“…Vilma was talking about Trudis Liit, the ’60s Sampaguita tearjerker in which she played the title role, with Luis playing her father, now US-based Lolita Rodriguez her mother and Bella Flores as the kontrabida. Luis, whose real surname is Mercado, died of complications of pneumonia at 11:30 Thursday night, March 15, at the Makati Medical Center where he was confined for the last time (he had been in and out of the hospital). As in the case of movie greats, Luis’ age is confidential and maybe not even his wife Vina Concepcion, who belongs to the clan that owns Concepcion Industries, and their three children can be forced to reveal it. After Trudis Liit, Vilma would star with Luis years later when she was already a teenager, in Iginuhit ng Tadhana and in Pinagbuklod ng Langit, produced by Sampaguita Pictures, believed to have helped Ferdinand Marcos win when he ran for President and then for reelection. In both movies, Luis plays Marcos, with Gloria Romero as First Lady Imelda Marcos and Vilma as Imee Marcos (now Ilocos Norte Governor). In the second, Gina Alajar plays as Irene Marcos (Mrs. Greggy Araneta), Now-Sen. Bongbong Marcos plays himself in the first movie (it was Jonjie Aranda, ex-husband of Sen. Loren Legarda, who plays Bongbong in the second). “I shot Palimos ng Pagibig (a Viva drama, with Edu Manzano and Dina Bonnevie) at Luis’ house,” added Vilma. “I remember him as sobrang kalog, palabiro. Ang tawag namin kay Tito Luis palengke kasi nga Mercado ang real surname niya. I was nine years old then and he always reminded me to just enjoy everything. We were always shooting dramatic scenes at parati akong iyak nang iyak, but after every take, tawa na kami nang tawa because Tito Luis would start cracking jokes…” – RicoJr (READ MORE)

FILM REVIEW: IGINUHIT NG TADHANA


The Plot: Iginuhit ng Tadhana (Carved by Destiny) is a movie based on the life of Ferdinand Marcos prior to his ascendancy as President of the Philippines. The movie was chronological in setting, featuring Marcos as a young boy in his hometown, as a brilliant student, and up to the time that he was unjustly imprisoned as a suspect in the murder of the political rival of his father. The movie then moves up to his acquittal, his career as a young congressman and senator, and up to the time that he married Imelda Marcos. The movie was shown in Manila as additional campaign material for Marcos’ candidacy for the Presidential race, which he eventually won. The movie portrayed Marcos as a person who is more than just a politician. – Wikipilipinas

The Film: “…Marcos knew the power of the medium of film. Earlier on, Marcos produced a film biography using the most popular stars for his first presidential campaign. He ran against Macapagal who also came up with a film biography to boost his reelection bid. Marcos would also use another film Iginuhit ng Tadhana (Written by Destiny, 1965) to campaign for a second term. The two Marcos film bios would be the only successful political films—commercial and election wise—as other film biographies in the post-Marcos period by senatorial and presidential aspirants would prove dismal, unhelpful for election bids. The post-Marcos period liberalized the political and economic scene. It conventionalized and intensified the election of movie and sports stars, and even television news hosts to national politics. Television stations were sequestered by the government, the largest of which, however, was returned to its pre-martial law owners. ABS-CBN would become the leading television station until after 2000, allowing two of its news anchors to become senators…” – Rolando Tino (READ MORE)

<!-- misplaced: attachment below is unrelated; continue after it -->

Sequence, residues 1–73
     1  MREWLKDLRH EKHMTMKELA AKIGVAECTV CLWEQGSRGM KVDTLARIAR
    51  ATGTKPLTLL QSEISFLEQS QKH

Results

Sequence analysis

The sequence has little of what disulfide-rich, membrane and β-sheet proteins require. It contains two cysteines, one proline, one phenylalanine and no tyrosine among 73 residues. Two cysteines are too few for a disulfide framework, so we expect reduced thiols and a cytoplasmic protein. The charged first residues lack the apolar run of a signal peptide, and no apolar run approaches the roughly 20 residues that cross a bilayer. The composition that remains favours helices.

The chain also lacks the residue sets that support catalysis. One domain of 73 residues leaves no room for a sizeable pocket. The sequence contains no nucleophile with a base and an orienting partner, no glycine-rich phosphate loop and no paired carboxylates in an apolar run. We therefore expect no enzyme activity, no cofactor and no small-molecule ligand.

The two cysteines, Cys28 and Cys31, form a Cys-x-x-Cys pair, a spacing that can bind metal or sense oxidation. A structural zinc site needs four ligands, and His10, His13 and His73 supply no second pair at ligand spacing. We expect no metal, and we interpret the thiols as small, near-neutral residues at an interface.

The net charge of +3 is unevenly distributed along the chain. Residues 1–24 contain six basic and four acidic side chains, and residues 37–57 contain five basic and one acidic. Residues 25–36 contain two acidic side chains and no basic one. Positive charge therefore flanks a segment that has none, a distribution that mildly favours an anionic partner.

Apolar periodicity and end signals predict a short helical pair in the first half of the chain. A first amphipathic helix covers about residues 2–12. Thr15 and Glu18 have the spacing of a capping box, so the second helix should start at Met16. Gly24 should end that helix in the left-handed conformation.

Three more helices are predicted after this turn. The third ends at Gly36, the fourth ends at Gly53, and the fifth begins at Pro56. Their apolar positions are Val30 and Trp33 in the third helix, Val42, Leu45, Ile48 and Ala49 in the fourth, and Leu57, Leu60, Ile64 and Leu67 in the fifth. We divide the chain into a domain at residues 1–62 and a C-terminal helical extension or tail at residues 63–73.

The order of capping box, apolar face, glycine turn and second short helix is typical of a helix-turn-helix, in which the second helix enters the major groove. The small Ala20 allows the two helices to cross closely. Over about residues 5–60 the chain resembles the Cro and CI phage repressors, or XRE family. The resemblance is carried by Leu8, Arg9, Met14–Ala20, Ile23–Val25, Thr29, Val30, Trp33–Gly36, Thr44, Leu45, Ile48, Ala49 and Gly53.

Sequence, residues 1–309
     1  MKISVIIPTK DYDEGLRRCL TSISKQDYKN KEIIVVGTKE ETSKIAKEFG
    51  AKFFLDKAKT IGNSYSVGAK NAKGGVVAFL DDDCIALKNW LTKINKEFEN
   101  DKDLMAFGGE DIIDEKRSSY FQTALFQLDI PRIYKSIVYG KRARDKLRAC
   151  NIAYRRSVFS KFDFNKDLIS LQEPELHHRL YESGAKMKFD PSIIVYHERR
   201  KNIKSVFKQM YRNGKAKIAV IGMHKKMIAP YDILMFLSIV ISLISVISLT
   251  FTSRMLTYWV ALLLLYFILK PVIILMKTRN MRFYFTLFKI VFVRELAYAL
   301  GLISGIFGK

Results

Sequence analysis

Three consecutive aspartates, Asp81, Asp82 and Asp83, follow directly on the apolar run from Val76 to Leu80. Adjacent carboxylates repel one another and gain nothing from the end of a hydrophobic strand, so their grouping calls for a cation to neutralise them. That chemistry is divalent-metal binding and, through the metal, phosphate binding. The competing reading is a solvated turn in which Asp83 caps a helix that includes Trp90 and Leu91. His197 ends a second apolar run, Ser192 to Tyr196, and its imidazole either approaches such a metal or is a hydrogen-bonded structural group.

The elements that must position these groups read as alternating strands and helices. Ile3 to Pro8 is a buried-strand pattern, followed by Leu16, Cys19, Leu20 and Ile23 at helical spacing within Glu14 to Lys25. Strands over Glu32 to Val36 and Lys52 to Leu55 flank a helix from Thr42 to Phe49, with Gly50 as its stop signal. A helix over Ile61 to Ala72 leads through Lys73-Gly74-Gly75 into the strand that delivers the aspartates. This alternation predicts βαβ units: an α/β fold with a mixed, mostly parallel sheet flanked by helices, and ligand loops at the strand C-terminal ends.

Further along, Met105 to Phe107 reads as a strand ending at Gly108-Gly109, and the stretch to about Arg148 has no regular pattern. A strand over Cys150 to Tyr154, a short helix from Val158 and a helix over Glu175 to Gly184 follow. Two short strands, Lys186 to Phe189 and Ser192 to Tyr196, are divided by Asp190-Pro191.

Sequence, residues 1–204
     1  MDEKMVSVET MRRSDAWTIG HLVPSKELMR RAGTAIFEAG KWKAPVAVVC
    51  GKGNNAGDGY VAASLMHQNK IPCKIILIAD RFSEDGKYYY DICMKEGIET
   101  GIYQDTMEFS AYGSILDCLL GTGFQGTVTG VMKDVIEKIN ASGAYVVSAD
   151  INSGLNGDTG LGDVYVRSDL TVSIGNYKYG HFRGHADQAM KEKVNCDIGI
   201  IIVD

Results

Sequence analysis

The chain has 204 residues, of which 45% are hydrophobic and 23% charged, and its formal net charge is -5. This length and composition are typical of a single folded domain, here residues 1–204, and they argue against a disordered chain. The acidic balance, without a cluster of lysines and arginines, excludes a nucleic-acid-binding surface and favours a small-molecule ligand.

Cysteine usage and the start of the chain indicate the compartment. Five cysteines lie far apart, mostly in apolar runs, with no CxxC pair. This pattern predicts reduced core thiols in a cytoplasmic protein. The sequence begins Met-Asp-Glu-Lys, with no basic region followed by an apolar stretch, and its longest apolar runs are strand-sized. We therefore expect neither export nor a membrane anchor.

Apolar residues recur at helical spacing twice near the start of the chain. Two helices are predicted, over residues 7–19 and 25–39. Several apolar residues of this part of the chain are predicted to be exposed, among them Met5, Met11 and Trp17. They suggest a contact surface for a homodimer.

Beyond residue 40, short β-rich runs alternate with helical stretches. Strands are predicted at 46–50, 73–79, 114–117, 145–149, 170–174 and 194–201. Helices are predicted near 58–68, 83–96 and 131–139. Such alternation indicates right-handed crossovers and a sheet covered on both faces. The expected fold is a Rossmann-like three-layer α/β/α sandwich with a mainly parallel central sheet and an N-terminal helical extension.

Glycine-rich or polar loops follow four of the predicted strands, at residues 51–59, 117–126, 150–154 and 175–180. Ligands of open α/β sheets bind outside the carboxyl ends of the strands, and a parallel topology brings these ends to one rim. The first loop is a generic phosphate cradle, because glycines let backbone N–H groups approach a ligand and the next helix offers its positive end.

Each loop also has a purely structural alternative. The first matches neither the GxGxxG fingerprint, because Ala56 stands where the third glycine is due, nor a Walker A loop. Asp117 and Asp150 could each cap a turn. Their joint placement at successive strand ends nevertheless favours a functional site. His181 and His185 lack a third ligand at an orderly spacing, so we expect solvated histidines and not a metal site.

“…In 1965, the Board of Censors suspended the movie exhibition of Iginuhit ng Tadhana (a movie biography of Presidential candidate Ferdinand Marcos). Many believed and suspected that Malacanang had a hand in the board’s decision and such action was a wrong political maneuver and ploy that proved disastrous to the reelection bid of incumbent President Diosadado Macapagal. It practically ensured the Presidential electoral victory of Marcos…The suspension of the showing of a movie on the life of Senate President Ferdinand E. Marcos stirred yesterday a political storm and precipitated the resignation of the chairman of the Board of Censors for Motion Pictures. Officials of the board said that the board voted to suspend the exhibition of the movie, “Iginuhit ng Tadhana” (Destined by Fate) because its producer failed to submit it for preview by the board en banc or by the entire board. The film had been approved for showing by a subcommittee of four headed by Mrs. Rosalina I. Castro last August 24. The board said it interpreted the refusal of the movie company, the 777 Film Productions, to comply with its order as defiance of the Board. The order of the board also suspends the showing of the movie in eight provinces and cities— Camarines Norte, Batangas, Marawi City, Pampanga, Cotabato, Aklan, Masbate, and Sulu. The film has been showing in theaters in these places since Aug. 24, the date of the approval of the picture by the subcommittee of four. In the wake of the suspension of the showing of the film, columnist Jose L. Guevarra, chairman of the board of censors, tendered his resignation. Guevarra did not state his reason for resigning in his letter to President Macapagal, but sources close to him said that the resolution of suspension, which was adopted in his absence, had something to do with it…” – Isagani Yambot, Sept. 3, 1965 (READ MORE)